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McMahan v. City of Cleveland

Court of Appeals of Tennessee, Knoxville

October 9, 2019

DENITA MCMAHAN
v.
CITY OF CLEVELAND, TENNESSEE

          Session July 18, 2019

          Appeal from the Circuit Court for Bradley County No. V-14-096 J. Michael Sharp, Judge

         In this action brought under the Governmental Tort Liability Act, the plaintiff sought damages from the City of Cleveland for injuries received when she fell after tripping on a raised, cracked and uneven section of a public sidewalk. In pertinent part, the plaintiff alleged that the city's immunity under the Act should be removed based on constructive notice because the city created the dangerous condition by planting trees along the sidewalk in the 1990s and roots from those trees caused the unsafe condition. Alternatively, the plaintiff asserted that immunity should be removed under the common occurrence theory of constructive notice because the tree roots caused numerous and similar defects in other sections of the city's sidewalks. Following a bench trial, the trial court found that the city did not have actual or constructive notice of the alleged defect in the sidewalk and held that the city was immune from liability under Tennessee Code Annotated § 29-20-203(b). This appeal followed. Because the evidence does not preponderate against the trial judge's finding that the plaintiff failed to prove that the city had actual or constructive notice of the alleged defect in the sidewalk where she tripped and fell, we hold that immunity under the GTLA was not removed and affirm the judgment of the trial court.

         Tenn. R. App. P. 3 Appeal as of Right; Judgment of the Circuit Court Affirmed.

          Franklin H. Chancey, Cleveland, Tennessee, for the appellant,

          Denita McMahan. Ronald D. Wells, Chattanooga, Tennessee, for the appellee, City of Cleveland.

          Frank G. Clement Jr., P.J., M.S., delivered the opinion of the Court, in which D. Michael Swiney, C.J. and Thomas R. Frierson II, J., joined.

          OPINION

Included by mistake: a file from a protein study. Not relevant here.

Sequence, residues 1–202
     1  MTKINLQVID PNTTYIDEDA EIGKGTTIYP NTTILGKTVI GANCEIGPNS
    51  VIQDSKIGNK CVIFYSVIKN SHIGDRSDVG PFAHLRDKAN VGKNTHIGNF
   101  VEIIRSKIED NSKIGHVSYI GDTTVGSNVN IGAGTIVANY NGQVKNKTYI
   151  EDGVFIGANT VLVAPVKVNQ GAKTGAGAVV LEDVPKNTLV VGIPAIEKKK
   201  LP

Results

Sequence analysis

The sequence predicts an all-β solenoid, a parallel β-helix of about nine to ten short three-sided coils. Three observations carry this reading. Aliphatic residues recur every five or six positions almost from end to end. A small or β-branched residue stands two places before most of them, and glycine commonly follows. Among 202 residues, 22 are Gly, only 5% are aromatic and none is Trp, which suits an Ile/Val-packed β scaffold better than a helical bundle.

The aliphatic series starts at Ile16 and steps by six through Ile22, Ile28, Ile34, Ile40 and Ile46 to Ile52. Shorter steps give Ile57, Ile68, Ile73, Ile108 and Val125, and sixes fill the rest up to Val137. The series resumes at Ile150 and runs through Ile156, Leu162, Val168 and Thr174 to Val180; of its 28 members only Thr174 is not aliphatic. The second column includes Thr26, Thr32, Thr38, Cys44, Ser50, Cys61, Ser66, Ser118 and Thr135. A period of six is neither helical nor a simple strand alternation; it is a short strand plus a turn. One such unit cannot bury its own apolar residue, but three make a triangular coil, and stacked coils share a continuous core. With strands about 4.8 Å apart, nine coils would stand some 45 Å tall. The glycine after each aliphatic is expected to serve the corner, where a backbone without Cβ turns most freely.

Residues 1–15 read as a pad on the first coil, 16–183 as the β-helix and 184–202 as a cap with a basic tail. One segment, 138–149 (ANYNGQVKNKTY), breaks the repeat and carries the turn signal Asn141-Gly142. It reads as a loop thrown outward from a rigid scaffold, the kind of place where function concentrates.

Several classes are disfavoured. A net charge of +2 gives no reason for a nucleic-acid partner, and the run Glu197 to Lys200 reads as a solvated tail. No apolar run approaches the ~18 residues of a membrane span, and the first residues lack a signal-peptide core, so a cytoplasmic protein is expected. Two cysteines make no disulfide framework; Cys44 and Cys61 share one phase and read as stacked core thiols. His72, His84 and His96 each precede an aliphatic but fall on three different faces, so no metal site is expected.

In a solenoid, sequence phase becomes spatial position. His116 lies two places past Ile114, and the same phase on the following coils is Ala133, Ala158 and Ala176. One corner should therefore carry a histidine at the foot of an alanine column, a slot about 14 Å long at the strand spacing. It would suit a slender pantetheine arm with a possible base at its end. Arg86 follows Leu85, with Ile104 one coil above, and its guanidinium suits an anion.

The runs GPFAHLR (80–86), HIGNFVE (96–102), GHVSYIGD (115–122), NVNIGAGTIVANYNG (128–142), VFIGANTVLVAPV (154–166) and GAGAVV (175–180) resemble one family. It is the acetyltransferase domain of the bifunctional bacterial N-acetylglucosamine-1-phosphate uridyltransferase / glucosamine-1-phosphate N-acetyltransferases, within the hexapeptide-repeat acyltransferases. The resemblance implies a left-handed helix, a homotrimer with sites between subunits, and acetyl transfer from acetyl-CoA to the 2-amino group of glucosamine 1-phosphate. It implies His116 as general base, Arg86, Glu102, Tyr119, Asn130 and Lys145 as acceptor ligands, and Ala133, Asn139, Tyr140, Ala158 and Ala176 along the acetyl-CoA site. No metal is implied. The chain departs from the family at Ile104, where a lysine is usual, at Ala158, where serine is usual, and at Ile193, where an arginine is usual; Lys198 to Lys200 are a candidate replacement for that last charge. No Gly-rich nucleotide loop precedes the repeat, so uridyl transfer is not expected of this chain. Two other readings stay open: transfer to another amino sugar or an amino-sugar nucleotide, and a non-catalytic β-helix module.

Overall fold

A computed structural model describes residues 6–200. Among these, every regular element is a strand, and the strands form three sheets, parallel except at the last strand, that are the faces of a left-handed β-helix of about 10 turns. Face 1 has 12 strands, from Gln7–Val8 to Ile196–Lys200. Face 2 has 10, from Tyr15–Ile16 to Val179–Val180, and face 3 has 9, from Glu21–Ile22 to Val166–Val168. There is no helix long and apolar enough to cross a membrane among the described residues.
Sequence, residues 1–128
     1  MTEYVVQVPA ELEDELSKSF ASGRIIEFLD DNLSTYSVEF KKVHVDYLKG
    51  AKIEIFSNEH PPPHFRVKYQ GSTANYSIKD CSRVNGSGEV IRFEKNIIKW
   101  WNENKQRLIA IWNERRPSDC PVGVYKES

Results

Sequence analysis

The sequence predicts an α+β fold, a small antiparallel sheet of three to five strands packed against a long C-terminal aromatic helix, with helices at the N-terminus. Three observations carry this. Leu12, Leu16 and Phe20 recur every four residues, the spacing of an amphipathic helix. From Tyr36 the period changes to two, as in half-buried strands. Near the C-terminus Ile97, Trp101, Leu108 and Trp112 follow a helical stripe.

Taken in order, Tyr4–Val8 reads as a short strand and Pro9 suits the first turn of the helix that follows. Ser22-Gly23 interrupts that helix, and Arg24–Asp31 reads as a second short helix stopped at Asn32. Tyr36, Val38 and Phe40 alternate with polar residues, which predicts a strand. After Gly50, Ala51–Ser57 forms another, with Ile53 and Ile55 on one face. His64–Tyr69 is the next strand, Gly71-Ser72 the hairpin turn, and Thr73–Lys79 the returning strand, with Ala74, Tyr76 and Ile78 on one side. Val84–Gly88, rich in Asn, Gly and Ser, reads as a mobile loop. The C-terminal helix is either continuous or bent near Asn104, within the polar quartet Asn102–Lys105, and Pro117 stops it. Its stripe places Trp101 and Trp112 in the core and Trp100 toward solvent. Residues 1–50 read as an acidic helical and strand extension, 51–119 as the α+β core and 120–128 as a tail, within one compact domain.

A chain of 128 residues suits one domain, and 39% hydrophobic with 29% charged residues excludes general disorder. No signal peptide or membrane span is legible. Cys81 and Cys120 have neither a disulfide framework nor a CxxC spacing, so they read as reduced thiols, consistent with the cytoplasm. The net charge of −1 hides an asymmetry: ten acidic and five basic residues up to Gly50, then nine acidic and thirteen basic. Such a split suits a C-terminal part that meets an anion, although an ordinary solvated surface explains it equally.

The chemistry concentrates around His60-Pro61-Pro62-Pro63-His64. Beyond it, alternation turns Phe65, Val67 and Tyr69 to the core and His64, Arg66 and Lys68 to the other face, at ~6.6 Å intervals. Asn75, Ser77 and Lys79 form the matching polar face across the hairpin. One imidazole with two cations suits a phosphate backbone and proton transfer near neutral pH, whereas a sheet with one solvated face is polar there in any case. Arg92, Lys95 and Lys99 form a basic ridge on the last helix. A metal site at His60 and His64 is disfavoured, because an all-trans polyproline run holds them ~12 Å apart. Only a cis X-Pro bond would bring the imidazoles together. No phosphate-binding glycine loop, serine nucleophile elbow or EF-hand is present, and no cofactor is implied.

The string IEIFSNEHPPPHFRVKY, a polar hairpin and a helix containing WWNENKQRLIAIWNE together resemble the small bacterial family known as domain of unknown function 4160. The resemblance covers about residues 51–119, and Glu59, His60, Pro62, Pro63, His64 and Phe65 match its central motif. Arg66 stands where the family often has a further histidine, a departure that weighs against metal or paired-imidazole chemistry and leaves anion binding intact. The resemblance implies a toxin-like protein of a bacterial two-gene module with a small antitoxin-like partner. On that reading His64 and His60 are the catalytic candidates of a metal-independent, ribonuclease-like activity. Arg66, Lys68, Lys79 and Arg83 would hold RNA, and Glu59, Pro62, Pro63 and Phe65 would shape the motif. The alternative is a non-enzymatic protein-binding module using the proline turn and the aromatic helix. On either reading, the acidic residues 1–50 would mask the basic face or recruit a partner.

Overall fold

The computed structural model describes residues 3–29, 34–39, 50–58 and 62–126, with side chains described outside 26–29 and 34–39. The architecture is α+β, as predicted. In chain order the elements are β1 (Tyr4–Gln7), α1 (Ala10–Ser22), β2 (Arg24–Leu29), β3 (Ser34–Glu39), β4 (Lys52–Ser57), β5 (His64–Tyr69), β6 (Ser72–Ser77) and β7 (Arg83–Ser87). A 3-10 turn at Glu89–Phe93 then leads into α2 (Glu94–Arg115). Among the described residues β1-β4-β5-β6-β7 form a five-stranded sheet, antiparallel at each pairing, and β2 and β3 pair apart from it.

FRANK G. CLEMENT JR., P.J., M.S.

         On February 21, 2013, Denita McMahan ("Plaintiff") tripped and fell while walking on the public sidewalk as she was leaving Octavia's Hair Salon (the "Salon"), [1] in Cleveland, Tennessee. Plaintiff had been visiting the Salon at this location about once every two weeks for approximately one year. It was a clear day, and Plaintiff was wearing tennis shoes when she tripped on the sidewalk and fell onto her right side. Believing that she only sustained contusions on the right side of her body, Plaintiff went home immediately after the fall, but she went to the emergency room that night due to pain and discomfort. A few days later, Plaintiff had a CT scan that showed two fractured ribs.

         On February 14, 2014, Plaintiff commenced this action against the City of Cleveland (the "City"). In an amended complaint, Plaintiff alleged her injuries were caused by the negligence of the City in failing "to maintain the Defendant's property in a safe condition or by the Defendant's failure to warn Plaintiff of the existence of a hazardous condition on or about February 21, 2013."

         In its answer, the City admitted that Plaintiff reported the incident but denied that the incident occurred for the reasons alleged by Plaintiff. The City denied that it failed to properly maintain the sidewalk and denied breaching any duty owed. The City also claimed immunity under the Tennessee Governmental Tort Liability Act (the "GTLA"), Tenn. Code Ann. § 29-20-203, asserting that it had no actual or constructive notice of the alleged defect in the sidewalk.

         The case was tried in a bench trial on June 7, 2018. Three witnesses testified at trial: Plaintiff; Lamotta McMahan, Plaintiff's husband; and Tommy Myers, the Director of Public Works for the City of Cleveland.[2] Plaintiff testified that although she had been to the Salon many times in the past, she never noticed the sidewalk being raised, and she had not tripped, fallen, or had any problem with the sidewalk during her previous visits to the Salon. She described the section that caused her to fall as "significantly raised" from other sections with numerous cracks which she could have seen if she had been looking down. She also stated that this section of the sidewalk, and all sidewalks in the downtown area, were lined by mature trees.

         Plaintiff testified that the fall caused her to sustain severe injuries, including pain and suffering, physical and emotional distress, loss of enjoyment of life, as well as the loss of her job. Plaintiff testified that she had worked on the assembly line for Whirlpool for 26 years prior to this incident. She said she was out of work for one week, went back for three days after which she took family medical leave for almost two years because she was unable to perform her job on the assembly line at Whirlpool. She never went back. Her husband corroborated her testimony in all respects of which he had personal knowledge.

         Tommy Myers, the Director of Public Works for the City, testified that he supervises the people responsible for working on the sidewalks. He testified that numerous trees were planted throughout the City in the 1990s, and the tree roots have caused some areas of the sidewalks to be raised; however, there had been no previous complaints regarding the sidewalk where Plaintiff fell. He further explained that his staff makes "periodic sweeps" of the downtown area, checking sidewalks for any problems. In particular, he testified that his staff conducted sweeps/inspections before major downtown events in the three years prior to Plaintiff's ...


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